by Steven Timmons, DTM, Panther City Toastmasters

When I attended college, I don’t know that I had ever actually seen a personal computer.  My mother worked as a programmer for Vought and my father brought home a dumb terminal once to connect by phone (long distance) to Dallas where we played football (Dot Matrix style) briefly (hey, it was long-distance).

In 1983, I interned with Southland Royalty Company in the Audit department. One day, the Budget department right next door got a shiny new IBM Personal Computer with two 512 K floppy drives and no memory. It was GREAT!!!

The computer would sit there and call my name like a siren at sea, “Steven, Steven, come work with me. I will surely help you do your job.” Luckily, I got permission to use it and it was the launch of my Information Technology (IT) career.

In Junior Achievement, I was granted a scholarship to participate in a 13-week Public Speaking program through Dale Carnegie. I also took a speech class at the University of Texas at Arlington as part of my Accounting degree. However, leadership was not high on my radar back then. Even though I had earned the rank of Eagle Scout, I did not consider the soft skills of communication and leadership as essential skills as I do today.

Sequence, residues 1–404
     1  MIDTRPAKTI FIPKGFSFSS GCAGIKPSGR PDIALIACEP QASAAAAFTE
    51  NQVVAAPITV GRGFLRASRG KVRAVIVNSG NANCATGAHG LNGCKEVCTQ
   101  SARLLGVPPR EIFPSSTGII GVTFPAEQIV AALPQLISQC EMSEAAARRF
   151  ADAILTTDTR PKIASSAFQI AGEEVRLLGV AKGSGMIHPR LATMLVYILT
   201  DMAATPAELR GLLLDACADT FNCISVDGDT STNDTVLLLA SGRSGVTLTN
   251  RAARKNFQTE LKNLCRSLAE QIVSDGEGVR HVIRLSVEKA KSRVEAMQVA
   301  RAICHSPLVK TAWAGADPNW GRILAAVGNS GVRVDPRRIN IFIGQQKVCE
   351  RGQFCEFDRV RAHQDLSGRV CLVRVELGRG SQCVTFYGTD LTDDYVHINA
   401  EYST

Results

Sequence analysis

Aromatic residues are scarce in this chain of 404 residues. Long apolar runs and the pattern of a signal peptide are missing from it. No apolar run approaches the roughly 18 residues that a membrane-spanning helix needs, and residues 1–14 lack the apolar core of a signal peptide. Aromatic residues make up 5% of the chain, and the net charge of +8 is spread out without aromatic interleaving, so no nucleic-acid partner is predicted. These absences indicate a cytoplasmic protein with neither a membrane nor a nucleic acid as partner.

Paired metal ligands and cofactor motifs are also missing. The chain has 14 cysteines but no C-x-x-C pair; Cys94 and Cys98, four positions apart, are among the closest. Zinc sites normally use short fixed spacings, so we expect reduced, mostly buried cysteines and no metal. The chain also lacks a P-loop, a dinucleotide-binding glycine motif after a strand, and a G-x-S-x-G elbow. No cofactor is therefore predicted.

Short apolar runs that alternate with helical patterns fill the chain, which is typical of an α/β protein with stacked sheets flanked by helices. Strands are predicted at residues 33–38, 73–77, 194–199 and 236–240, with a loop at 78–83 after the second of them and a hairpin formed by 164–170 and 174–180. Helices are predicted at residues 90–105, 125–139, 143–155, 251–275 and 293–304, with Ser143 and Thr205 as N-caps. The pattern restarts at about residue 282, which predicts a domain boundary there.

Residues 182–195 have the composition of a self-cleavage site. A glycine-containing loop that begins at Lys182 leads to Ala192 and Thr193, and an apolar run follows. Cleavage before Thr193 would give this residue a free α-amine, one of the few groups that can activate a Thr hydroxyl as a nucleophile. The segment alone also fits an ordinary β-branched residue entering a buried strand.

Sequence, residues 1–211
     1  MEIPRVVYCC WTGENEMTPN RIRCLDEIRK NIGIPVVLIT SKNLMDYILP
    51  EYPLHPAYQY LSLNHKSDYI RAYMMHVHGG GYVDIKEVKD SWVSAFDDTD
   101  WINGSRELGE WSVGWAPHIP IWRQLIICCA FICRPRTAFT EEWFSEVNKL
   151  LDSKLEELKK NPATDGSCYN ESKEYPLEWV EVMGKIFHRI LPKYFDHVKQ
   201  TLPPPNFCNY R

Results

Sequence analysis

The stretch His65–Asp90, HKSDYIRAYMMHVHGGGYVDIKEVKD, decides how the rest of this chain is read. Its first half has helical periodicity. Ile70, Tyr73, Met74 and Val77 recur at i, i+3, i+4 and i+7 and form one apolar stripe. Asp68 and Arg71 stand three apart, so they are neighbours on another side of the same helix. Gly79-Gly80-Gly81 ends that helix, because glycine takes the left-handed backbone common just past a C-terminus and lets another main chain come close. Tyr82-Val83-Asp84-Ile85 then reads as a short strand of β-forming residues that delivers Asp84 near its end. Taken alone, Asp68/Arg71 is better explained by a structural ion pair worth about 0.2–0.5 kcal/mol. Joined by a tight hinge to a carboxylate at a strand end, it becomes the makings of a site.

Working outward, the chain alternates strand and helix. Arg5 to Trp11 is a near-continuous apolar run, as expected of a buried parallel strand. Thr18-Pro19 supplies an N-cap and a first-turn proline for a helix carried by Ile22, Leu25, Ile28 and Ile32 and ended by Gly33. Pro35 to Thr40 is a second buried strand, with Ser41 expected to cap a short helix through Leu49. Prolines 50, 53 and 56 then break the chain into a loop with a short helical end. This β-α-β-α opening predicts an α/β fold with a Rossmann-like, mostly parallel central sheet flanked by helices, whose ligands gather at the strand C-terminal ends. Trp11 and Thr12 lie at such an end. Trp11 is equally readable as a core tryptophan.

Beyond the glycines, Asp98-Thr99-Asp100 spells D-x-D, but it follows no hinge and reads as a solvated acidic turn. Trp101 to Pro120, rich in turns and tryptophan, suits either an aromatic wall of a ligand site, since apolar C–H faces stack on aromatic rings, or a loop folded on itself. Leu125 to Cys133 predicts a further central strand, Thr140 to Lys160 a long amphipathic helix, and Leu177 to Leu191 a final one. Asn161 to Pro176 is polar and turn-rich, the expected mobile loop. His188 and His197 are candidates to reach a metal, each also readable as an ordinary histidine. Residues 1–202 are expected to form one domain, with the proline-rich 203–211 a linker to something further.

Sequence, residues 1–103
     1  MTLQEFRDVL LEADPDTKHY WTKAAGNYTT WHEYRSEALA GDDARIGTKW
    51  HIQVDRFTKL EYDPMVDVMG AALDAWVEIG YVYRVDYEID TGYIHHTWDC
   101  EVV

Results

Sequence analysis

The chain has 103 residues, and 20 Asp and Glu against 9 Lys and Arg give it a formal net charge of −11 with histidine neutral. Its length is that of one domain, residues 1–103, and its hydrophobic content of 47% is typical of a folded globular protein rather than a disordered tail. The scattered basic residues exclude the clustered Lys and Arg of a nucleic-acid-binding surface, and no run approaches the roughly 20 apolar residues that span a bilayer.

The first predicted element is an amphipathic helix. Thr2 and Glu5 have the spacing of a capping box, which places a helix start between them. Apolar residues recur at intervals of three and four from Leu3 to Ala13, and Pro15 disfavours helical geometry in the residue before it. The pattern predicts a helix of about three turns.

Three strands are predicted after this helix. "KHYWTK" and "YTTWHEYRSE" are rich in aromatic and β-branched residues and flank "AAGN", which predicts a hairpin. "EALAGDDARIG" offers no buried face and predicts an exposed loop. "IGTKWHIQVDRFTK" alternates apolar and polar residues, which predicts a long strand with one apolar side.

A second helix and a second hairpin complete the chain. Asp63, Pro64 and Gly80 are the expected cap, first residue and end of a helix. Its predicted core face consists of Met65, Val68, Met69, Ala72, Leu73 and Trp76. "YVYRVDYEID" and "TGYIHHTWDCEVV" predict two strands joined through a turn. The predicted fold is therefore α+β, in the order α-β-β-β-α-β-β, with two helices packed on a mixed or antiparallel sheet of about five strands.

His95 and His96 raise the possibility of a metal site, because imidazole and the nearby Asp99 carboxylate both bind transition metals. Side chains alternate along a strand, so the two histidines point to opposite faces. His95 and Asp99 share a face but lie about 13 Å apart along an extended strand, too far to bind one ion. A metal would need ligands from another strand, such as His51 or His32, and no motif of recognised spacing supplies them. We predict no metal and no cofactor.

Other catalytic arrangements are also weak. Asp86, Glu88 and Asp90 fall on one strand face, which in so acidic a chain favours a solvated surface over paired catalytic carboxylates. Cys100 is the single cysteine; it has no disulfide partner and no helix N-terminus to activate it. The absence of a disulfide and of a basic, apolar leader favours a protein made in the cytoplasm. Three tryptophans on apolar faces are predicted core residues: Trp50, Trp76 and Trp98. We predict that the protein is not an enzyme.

When I arrived at Toastmasters ten years ago, I did not see a path I should follow. To me, it was a modular, piecemeal approach to complete projects and stack one on top of another until I received an award. I viewed it as equivalent to a chicken pecking at a stick in a box at the fair to get a pellet.

Don’t get me wrong, I saw that the traditional education program had value and stayed with it. I earned my CC and CL, then ALB and ACB. The awards and benefits continued to build; however, I always had to explain the significance of the awards at work to my non-Toastmaster co-workers. Even my crowning achievement, my first DTM, did not really hit home with my boss. To him it was just another TLA, a three-letter acronym.

Just a few days from now, most of that goes away, as everyone in Toastmasters transitions to the Pathways Learning Experience. Even though I have worked to wrap up my third DTM and complete a few odd awards in the “traditional” program, I have come to believe deeply in the Pathways program. I am looking forward to being considered proficient in my Motivational Strategies path and taking on the still new and just out of the shrink wrap, Engaging Humor path. I plan to add a fourth DTM with the Pathways curriculum as well as a fifth.

Twenty years from now, as new paths are created, we will review the list of our friends that have walked the path to proficiency in Dynamic Leadership, Team Collaboration and Effective Coaching. It will be my proud honor to say that I led others, my fellow Toastmasters and friends, down their paths.

Will you join me on my quest?

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